$14.95
quality

vintage sams photofact folder detrola model 626 series radio parts manual record
$14.95
quality

vintage sams photofact folder admiral chassis 5b1 phone model 6rt43 parts manual
$14.95
quality

vintage sams photofact folder setchell carlson model 458 rd radio parts manual
$14.95
quality

vintage sams photofact folder espey model 621 radio parts manual record player
$14.95
quality

vintage sams photofact folder philco model 51 631 radio parts manual
$14.95
quality

vintage sams photofact folder mopar model 604 radio parts manual
$14.95
quality

vintage sams photofact folder motorola chassis 10a radio parts manual
$14.95
quality

vintage sams photofact folder ford model m 1a 1 oa 18805 a1 radio parts manual
$14.95
quality

vintage sams photofact folder pilot models t 510 t 511 radio parts manual
$14.95
quality

vintage sams photofact folder pilot model t 411 u radio parts manual
$14.95
quality

vintage sams photofact folder truetone model d2623 radio parts manual
$14.95
quality

vintage sams photofact folder webster chicago models 362 762 radio parts manual
$14.95
quality

vintage photofact folder sentinel models iu 335pg pi pm pw radio parts manual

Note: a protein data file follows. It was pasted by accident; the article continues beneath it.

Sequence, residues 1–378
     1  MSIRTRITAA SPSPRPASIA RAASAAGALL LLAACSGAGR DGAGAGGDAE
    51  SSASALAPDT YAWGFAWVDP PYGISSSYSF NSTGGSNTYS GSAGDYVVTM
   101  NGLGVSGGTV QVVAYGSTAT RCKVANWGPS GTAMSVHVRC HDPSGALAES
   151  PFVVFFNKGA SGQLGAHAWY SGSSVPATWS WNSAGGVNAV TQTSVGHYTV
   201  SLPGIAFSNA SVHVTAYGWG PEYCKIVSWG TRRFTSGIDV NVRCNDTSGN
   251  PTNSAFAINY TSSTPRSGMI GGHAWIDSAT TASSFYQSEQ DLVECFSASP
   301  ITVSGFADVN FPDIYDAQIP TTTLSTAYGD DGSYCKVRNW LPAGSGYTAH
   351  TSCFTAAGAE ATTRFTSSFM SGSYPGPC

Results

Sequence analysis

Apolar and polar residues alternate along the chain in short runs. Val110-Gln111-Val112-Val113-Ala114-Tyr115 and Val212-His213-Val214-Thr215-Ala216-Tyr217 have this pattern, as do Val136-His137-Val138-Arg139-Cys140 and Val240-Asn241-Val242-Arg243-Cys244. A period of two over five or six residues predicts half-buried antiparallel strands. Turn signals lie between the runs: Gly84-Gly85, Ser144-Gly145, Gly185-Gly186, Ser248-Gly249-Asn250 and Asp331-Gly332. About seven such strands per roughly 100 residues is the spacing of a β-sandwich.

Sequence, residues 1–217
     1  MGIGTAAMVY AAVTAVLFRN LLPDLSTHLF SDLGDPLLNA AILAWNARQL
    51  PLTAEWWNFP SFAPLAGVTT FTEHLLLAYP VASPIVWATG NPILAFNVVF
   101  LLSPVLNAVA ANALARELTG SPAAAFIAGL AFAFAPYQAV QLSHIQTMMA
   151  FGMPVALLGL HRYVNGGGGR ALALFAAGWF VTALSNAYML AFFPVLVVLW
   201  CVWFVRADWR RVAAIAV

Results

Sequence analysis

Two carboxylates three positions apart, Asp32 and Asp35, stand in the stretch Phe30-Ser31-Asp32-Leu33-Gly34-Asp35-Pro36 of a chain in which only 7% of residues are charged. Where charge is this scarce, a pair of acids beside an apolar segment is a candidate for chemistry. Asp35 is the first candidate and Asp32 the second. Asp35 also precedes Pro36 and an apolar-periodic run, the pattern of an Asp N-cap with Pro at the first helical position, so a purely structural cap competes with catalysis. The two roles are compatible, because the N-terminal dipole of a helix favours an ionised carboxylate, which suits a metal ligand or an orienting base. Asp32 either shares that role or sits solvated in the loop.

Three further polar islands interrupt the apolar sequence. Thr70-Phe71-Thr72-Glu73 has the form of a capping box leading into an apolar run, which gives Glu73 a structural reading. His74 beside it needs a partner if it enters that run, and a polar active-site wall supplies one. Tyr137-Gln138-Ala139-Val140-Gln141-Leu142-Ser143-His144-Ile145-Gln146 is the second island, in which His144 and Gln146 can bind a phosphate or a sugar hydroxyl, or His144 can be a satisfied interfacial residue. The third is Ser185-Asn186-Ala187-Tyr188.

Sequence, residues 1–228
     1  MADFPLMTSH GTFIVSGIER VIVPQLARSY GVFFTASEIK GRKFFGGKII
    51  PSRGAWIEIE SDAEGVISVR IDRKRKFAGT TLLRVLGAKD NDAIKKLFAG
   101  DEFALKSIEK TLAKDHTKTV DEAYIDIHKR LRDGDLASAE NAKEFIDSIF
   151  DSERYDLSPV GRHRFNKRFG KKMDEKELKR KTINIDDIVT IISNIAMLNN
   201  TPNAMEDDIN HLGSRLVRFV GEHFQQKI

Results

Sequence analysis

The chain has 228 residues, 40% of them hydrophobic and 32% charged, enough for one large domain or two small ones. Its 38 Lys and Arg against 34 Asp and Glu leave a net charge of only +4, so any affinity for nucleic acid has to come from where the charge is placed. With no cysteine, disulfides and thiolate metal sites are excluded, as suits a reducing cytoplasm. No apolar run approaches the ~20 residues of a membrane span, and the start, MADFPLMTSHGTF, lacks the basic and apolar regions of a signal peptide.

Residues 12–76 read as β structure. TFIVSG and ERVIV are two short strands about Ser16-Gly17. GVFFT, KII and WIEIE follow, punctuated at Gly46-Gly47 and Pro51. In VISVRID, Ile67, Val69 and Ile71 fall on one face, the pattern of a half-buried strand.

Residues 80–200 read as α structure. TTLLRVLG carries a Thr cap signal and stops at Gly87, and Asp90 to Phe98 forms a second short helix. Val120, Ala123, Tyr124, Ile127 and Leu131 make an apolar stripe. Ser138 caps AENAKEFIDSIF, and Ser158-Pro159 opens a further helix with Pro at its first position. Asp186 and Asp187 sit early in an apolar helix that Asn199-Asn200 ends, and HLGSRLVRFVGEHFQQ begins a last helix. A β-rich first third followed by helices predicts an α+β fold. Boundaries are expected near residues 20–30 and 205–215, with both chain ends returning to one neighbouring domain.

$14.95
quality

wollensak 3m cassette tape recorder parts or repair
$5.55
quality

vintage rca radiola 18 coffin style tube radio needs work or for parts
$54.99
quality

vintage sams photofact folder v m model 950 radio parts manual record player
$14.95
quality

vintage photofact folder silvertone model 245 radio parts manual record player
$14.95
quality

air chief radio for parts
$9.99
quality

regency mr 10 mr 10b tube radio repair part rear particle board panel vg
$7.16
quality

lot of 4 vintage head phone head sets parts
$25.00
quality

vintage sears trans talk transceiver walkie talkies for parts or repair one has
$6.55
quality

vintage 1952 firestone tube clock radio for parts for restore does not work
$45.00
quality

vintage ross electronics corporation tabletop radio cigarette lighter parts